Monday, August 30, 2010

The Bus goes back to school

Karen at Keeping Secrets is driving the bus this week, and it's a school bus!  Her prompt, aptly enough, is to write a poem about school or schooling. I give you a poem I wrote when I was in the 10th grade.  I tweeked it a little just now (I was going on memory, anyway), but for the most part it is true to the words, and certainly to the thoughts, of the high schooler who wrote it many years ago.

My heart longs greatly
For a love long lost in time,
A love I searched for
Too strongly ever to find,
A love sadly lost for aye.

The love I needed
Lay before unseeing eyes,
For the blinders of
My fantasies and desires
Hid your eager heart from me.

So I live without
The love I did not notice,
The hope you carried,
The gift you wished to give me,
A love sadly lost for aye.

Sunday, August 29, 2010

A Playful Sunday with LC

Thought I would route this to One Shot Wednesday for a little love...enjoy!  And check out some great writing while you're in the One Stop neighborhood.

The Precocious Pelican
By Lemuel Crouse

As I sat looking out on a slate-gray sea,
A precocious pelican swooped from the sky
And lazily glided in front of me
Until a fine fish caught his eye.

At once he dove in headlong manner,
Splashing down noisily amongst the waves.
Then floating proudly, a wind-tossed banner,
A nod of the head to me he gave.

With tipping beak and gulping throat,
He slickly swallowed his salty snack.
Then, flapping his wings, the water he smote,
And my pelican flew off without looking back.

To be a bird like he I sometimes wish,
To have a home upon some marshy shore,
With naught to do but fly and swim and fish,
And be a haunted human, nevermore.

(Photo courtesy of me, taken in Charleston Harbor, March 2010)

Saturday, August 28, 2010

Swallowtail Saturday

The Bug was out and about this morning (a birthday party for twins that I'm sure you will hear all about), so I was left to make do with only the Canon PowerShot A710 IS.  It is a fine camera that has captured so many lovely moments in our lives over the last half dozen years, but close-ups of butterflies is not its forte.  Still, this lovely swallowtail was quite accommodating, practically posing for me!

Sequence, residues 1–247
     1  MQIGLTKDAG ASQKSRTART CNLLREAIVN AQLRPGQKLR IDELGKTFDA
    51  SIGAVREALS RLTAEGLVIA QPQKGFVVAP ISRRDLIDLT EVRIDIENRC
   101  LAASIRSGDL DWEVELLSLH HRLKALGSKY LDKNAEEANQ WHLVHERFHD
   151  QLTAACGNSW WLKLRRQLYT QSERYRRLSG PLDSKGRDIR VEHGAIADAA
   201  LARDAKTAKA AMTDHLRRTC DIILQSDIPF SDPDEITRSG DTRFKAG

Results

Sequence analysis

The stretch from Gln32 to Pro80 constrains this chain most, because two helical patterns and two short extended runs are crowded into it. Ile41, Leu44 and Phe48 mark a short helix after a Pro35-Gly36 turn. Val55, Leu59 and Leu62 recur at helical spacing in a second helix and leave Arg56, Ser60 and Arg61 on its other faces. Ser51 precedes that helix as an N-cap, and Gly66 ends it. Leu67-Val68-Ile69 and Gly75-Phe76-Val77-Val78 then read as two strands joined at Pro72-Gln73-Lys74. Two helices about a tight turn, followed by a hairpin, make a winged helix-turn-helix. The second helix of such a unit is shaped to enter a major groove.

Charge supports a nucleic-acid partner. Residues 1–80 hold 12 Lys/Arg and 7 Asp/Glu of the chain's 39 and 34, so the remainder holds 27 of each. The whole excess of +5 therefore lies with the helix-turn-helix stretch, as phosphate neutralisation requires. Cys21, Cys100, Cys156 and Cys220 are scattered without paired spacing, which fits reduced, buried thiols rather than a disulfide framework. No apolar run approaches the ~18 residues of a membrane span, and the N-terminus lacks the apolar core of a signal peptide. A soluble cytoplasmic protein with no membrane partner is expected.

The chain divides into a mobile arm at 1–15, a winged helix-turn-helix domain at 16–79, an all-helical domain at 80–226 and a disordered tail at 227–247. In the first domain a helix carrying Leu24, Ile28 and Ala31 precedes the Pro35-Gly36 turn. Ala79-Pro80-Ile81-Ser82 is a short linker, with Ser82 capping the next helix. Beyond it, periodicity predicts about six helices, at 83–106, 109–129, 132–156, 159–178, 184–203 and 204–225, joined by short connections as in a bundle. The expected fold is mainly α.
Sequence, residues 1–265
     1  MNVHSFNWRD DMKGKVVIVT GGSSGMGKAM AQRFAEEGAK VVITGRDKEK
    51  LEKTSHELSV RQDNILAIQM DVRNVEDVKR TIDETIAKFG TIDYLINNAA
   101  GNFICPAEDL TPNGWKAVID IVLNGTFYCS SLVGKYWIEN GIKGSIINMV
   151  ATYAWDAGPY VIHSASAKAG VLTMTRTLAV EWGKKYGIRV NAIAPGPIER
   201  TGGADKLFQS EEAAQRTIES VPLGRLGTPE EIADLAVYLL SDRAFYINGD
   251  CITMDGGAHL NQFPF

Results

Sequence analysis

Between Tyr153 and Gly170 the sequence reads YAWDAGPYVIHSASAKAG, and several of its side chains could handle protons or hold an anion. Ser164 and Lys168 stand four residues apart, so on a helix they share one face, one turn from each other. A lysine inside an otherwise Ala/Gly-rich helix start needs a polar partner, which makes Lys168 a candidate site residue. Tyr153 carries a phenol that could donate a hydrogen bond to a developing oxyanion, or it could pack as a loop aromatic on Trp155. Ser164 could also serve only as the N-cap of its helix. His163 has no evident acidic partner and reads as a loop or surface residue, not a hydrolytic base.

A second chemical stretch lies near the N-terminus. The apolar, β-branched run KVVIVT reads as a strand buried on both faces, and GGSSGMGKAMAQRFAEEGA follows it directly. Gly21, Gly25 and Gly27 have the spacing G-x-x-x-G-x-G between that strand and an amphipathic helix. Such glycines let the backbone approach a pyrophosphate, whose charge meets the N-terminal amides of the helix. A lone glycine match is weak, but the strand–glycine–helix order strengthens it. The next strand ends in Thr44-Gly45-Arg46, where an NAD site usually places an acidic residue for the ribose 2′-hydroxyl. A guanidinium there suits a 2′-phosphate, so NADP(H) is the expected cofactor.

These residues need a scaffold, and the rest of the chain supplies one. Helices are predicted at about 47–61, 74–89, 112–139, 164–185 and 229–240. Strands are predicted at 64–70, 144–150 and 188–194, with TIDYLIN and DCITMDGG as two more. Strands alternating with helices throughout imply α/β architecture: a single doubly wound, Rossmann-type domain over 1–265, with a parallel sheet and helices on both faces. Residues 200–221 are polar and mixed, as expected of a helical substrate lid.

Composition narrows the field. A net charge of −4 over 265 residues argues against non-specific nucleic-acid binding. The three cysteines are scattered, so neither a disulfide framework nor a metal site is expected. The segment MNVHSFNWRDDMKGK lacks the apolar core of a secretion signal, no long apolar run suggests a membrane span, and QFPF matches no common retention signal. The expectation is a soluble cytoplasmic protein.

Sunday, August 22, 2010

This Sunday, LC rides the Poetry Bus to the Gulf

Welcome, One Stop One Shot Wednesday visitors.  This week I'm sharing a poem I, er, LC posted on Sunday.  I will let it speak for itself.

Chiccoreal is driving the Poetry Bus this week!  I have chosen prompt #2:

Write a poem about the first song that POPS INTO YOUR HEAD IN THE MORNING. It could be your favourite song, or your least favourite song, or a song that keeps replaying over and over again in the breadbox. This is called an all-day EARWORM and you need to find a good dewormer. It is music in the making and over ripe for writing a poem about.

Lemuel insisted on writing this one, and he has given you a sonnet:


By Lemuel Crouse

On salty sands where once we played in light,
Slick shadows crawl, as I, now still for good,
Lie mired 'neath the spewing, endless night.
Gulfsong: “Forgive…forget…not sure I could.”

For good…a ghost-laugh leaps from withered throat
At such a backward phrase, for evil wrecked
With zeal my birthing beach, then paused to gloat,
Some years before his well unleashed the dreck.

The dreck, this crude effusion cov’ring all
That once was home to life and hope and bliss,
Now clings and lingers deep inside my walls,
Consuming, burning with its lethal kiss.

The ghost-heart silent ‘neath my carapace
Will ever be “not ready to make nice!”

(Image courtesy of AP; for the relevant Dixie Chicks video, click here)

Saturday, August 21, 2010

Birdbath Saturday

 On this overcast, humid day, the little birdies were happy
to stop by for a drink, but not a dip in the pool!

 "That water looks cold...stick a toe in and see..."
"Sure...what's a toe?"
"Here's lookin' at you, kid..."
"Ah, got the place all to myself..."
"For about three seconds..."
"Pool party!"
"Where'd everybirdy go?"
"Who's the pretty bird?"
"Lookin' good makes me thirsty..."
"My best side..."
"That last guy was kinda stuck on himself..."

Thursday, August 19, 2010

Magpie Tales

Painted Ladies

in the interval
that separates
like bubbles 'twixt
your bathing feet,
subtly parted
by the drip
from the faucet
I need to fix.

What drip is it
that keeps us
we two who know
each other so well?

Your toes
above the suds,
ruby nails
like painted ladies,
catch my eye,
inviting me
to explore
the interval
that lies

To participate in Magpie Tales, or to read other entries (you won't be sorry!), just click here.

Wednesday, August 18, 2010

Linthead with a brush